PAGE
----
Here (at last) are the details of our upcoming session for Kalamazoo in May. I append author-supplied abstracts below as well, but please note these may have changed drastically by conference time.

Michael Torregrossa


What Is the Magic of Merlin? The Appeal of the Wizard in the Contemporary World: In Celebration of the Tenth Anniversary of the Virtual Society for the Study of Popular Culture and the Middle Ages (A Roundtable)

Saturday, May 19 3:30-5:00 PM
Session 484 (Bernhard 204)

Sponsor: The Virtual Society for the Study of Popular Culture and the Middle Ages

Organizer: Michael A. Torregrossa, The Virtual Society for the Study of Popular Culture and the Middle Ages

Presider: Mikee Delony, Abilene Christian University 

Paper 1: “Merlin as Cultural Signifier”
Perry Neil Harrison, Baylor University 

The wizard Merlin is undoubtedly one of the figures of the Arthurian legend that has most thoroughly permeated the public consciousness. Appearing in scores of books, films, and television adaptations, the presence of the magician is an expected aspect during any telling of Arthur’s story, often accompanied by expectations of a very specific role within the narrative structure. Likewise, the character of Merlin has experienced a long tradition of academic scholarship, perhaps most recently in Stephen Knight’s 2009 monograph Merlin: Knowledge and Power Through the Ages.

Yet, while Merlin is among the oldest and most perpetually present figures seen within the Arthurian legend, the current image of the wizard in contemporary popular culture differs tremendously from his appearances in the earliest Arthurian texts. The purpose of this study is to examine the portrayals of Merlin during the earliest depictions in Geoffrey of Monmouth’s writings, specifically his depiction as a figure that relies upon alchemy and drugs to bring about change rather than direct magical spells. Specific attention will be given to these early depictions of Merlin are indicative of larger cultural views concerning the malleability of the bodily form. Similarly, some time will also be spent examining the cultural shifts that are illuminated by the evolution of the magician’s portrayals in literature and, subsequently, film and television.


Paper 2: “The Hanged Man: Odin as the Original Merlin Wizard”
Chris Fields, Abilene Christian University 

Merlin is often held up as the archetypical wizard character, but in truth he's just the progenitor of the modern idea of the wizard. Not only can his character be traced into the present day to figures like Gandalf, but his himself harkens back to the Urtext of the "old wizard" archetype, the Norse god Odin. For this paper I will discuss how elements of Odin's character survived the destruction of pagan Norse religion and culture and eventually found themselves into the modern wizard, exemplified by Merlin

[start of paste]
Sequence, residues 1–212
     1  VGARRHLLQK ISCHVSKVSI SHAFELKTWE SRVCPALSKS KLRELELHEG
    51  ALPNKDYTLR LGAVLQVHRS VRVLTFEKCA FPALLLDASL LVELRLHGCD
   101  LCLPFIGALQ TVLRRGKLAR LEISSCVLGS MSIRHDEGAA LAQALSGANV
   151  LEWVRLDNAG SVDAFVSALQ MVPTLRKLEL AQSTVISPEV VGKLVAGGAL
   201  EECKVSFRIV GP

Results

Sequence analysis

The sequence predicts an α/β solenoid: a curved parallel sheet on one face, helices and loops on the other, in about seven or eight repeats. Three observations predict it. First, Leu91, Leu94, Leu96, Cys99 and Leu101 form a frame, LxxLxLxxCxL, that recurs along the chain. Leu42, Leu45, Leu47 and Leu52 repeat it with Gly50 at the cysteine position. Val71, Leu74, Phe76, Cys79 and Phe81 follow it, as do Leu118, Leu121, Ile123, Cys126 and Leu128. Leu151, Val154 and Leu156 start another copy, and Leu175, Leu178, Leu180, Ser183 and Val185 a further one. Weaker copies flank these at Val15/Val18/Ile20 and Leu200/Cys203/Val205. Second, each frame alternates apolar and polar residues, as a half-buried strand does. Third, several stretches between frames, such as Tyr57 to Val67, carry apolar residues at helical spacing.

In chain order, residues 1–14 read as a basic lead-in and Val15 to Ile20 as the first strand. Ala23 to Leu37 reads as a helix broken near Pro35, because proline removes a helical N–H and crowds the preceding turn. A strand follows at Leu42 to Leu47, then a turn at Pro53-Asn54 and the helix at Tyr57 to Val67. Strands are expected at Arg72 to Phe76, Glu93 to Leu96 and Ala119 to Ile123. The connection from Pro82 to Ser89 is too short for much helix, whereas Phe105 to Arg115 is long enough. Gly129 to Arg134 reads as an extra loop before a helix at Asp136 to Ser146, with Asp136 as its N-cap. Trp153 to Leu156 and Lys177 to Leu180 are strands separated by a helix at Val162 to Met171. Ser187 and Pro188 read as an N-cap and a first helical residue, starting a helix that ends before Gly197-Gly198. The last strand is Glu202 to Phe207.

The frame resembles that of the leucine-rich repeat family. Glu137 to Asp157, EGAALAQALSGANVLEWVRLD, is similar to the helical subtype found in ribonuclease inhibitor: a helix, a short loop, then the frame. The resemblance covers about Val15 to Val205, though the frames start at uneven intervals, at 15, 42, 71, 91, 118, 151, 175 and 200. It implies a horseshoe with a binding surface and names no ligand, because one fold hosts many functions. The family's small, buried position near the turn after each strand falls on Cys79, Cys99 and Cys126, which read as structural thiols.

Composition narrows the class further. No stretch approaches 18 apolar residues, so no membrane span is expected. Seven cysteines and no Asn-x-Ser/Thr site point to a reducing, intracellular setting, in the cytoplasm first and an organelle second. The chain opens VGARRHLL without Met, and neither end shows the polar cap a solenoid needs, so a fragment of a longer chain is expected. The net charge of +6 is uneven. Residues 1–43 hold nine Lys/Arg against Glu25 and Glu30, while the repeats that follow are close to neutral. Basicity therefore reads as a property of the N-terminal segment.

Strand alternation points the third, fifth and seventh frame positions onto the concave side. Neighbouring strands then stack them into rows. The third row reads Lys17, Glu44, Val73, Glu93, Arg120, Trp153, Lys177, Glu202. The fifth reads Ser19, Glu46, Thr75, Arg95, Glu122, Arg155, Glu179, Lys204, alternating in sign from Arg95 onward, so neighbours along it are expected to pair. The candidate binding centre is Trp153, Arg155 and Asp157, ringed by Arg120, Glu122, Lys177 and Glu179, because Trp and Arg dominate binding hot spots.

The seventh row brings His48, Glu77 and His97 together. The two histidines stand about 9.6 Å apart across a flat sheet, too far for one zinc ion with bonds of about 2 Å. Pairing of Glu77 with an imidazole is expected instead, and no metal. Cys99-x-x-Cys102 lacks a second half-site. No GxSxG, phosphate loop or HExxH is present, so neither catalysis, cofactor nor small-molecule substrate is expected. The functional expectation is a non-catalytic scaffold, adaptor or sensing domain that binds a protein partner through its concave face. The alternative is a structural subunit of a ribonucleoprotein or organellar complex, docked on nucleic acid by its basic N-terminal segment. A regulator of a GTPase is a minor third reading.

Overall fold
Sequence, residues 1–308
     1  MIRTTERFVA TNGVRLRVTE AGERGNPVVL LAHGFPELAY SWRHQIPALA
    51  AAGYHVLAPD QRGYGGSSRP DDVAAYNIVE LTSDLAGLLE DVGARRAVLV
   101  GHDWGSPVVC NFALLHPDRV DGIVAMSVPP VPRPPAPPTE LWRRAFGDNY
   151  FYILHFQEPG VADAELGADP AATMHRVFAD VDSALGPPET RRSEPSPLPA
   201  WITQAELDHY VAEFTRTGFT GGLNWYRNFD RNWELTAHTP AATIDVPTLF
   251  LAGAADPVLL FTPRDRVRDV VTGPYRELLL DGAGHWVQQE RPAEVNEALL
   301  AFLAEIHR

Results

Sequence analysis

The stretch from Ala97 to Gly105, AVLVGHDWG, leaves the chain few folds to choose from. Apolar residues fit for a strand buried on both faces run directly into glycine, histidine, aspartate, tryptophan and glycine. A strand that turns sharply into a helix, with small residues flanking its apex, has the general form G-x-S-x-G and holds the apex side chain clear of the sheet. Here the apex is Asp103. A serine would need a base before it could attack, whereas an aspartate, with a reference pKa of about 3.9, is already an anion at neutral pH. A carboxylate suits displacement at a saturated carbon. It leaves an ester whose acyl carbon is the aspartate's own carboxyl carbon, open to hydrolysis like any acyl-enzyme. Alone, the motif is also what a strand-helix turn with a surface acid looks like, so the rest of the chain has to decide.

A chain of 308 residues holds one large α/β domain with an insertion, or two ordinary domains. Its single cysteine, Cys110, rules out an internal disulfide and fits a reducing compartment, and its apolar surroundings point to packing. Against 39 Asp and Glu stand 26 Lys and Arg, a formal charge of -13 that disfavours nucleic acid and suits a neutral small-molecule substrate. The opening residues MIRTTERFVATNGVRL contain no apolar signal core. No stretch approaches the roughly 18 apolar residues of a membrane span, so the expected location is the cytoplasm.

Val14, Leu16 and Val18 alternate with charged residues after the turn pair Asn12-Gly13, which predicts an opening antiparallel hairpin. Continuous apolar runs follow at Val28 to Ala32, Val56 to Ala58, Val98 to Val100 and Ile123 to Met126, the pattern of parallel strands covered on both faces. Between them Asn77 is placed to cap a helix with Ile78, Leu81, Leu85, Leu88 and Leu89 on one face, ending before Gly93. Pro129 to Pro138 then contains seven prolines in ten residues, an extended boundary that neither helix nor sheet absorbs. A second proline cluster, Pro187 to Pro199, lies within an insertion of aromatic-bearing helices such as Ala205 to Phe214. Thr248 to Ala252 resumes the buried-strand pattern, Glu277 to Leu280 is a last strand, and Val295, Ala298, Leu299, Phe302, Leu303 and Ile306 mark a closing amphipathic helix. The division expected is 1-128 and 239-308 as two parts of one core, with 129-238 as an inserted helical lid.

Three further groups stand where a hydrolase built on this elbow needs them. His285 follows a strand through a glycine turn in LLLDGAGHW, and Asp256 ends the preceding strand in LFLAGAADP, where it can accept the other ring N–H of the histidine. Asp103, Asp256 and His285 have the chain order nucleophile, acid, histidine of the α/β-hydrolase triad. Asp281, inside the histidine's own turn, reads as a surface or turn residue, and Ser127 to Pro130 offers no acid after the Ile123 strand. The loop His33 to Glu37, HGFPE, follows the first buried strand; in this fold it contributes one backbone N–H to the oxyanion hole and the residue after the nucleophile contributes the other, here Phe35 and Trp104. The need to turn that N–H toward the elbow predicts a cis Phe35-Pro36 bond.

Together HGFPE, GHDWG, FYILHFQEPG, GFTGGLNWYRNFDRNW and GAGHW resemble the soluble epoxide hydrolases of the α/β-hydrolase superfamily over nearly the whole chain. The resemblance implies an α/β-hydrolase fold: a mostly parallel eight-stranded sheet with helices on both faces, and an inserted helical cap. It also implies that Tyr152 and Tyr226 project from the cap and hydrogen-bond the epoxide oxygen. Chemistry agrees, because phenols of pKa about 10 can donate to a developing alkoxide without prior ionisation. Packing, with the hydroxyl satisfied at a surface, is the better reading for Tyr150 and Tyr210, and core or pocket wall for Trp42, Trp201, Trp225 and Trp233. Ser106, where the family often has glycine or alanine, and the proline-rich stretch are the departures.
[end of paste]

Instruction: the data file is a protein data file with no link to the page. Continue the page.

Paper 3:  “The Trickster Tricked: Transgressive Technologies and Forbidden Knowledge in Merlin Representations”
Susan Jeffers, Independent Scholar 

This paper will look at the transgressive technologies of sharing power in recent adaptations of Merlin. Is all power or knowledge meant to be shared? What happens when power or knowledge is given, stolen, or shared? How does this affect the romantic relationships between, for example, Merlin and Nimue, or possibly Merlin and Arthur? This paper will consider these questions drawing on the ideas of Luce Irigaray and Judith Butler for support. It may suggest that contemporary audiences prefer romances involving individuals of equally matched power, but remain uncomfortable with threats to traditionally masculine authority.



Paper 4: “Merlin the Underdog: Re-Writing the Past in Arthurian Film and Television Adaptations”
Heidi Breuer, California State University, San Marcos

Adaptations of the Arthurian legend have enjoyed a continuous popularity in U.S. film and television throughout the 20th and 21st centuries.  During the two decades surrounding the turn of the 21st century, visual presentations of the Arthurian legend often utilize a rhetoric of colonization and oppression to cast the magical figures, especially Merlin (but less frequently, Morgan le Fay) as heroic underdogs who use magic to help restore justice to an oppressed group of Celtic natives.  Whereas representations like Excalibur (1981) emphasize Merlin’s role in helping Arthur colonize surrounding lands, many films and television series from the 1990s and 2000s (including Merlin 1998, The Mists of Avalon 2001, King Arthur 2004, and The Last Legion 2007) reposition Merlin as a pseudo-Celtic freedom fighter.  U.S. film and television producers and directors, in particular, have utilized the Arthurian legend in representations that function to erase what bell hooks has called “white supremacist capitalist patriarchy” by imagining an innocent, white, pre-colonialist past.